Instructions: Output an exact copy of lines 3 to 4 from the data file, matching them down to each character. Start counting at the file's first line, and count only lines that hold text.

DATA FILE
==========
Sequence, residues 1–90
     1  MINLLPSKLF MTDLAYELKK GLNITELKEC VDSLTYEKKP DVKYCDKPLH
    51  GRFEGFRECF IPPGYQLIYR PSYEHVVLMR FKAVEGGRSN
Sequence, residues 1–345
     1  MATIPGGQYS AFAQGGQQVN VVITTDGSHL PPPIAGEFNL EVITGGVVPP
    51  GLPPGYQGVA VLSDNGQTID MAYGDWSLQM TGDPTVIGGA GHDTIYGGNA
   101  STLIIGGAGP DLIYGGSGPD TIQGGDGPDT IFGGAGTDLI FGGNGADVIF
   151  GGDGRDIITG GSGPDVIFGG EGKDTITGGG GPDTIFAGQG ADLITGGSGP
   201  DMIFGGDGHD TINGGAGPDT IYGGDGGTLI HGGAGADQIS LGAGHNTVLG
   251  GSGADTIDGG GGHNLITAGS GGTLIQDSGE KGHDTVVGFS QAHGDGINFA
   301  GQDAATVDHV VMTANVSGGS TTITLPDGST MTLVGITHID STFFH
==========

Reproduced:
    51  GRFEGFRECF IPPGYQLIYR PSYEHVVLMR FKAVEGGRSN
Sequence, residues 1–345